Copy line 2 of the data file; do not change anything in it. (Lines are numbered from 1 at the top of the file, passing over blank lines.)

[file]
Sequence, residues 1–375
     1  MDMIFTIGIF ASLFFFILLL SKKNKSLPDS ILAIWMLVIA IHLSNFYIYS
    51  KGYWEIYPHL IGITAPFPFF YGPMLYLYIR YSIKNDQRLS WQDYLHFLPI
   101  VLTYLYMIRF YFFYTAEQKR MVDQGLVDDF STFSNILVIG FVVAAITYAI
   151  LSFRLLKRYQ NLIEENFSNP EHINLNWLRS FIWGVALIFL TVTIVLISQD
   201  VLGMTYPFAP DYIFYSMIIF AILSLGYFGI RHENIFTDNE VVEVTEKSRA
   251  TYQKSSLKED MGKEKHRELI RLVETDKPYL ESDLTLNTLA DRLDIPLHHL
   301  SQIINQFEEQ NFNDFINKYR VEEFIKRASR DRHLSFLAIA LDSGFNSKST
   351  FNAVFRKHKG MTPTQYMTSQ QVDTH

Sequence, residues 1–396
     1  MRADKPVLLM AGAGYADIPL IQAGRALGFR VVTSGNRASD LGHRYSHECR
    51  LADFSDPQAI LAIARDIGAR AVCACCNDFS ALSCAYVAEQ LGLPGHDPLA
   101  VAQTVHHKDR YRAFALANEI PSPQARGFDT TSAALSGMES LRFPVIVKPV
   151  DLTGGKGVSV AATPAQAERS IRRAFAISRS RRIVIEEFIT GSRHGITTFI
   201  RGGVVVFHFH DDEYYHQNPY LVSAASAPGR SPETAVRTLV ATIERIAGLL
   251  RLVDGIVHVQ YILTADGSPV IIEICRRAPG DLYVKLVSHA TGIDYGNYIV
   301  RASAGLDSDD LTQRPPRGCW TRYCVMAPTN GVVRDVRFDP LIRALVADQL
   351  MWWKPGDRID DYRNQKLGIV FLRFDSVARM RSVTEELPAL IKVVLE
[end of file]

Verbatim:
     1  MDMIFTIGIF ASLFFFILLL SKKNKSLPDS ILAIWMLVIA IHLSNFYIYS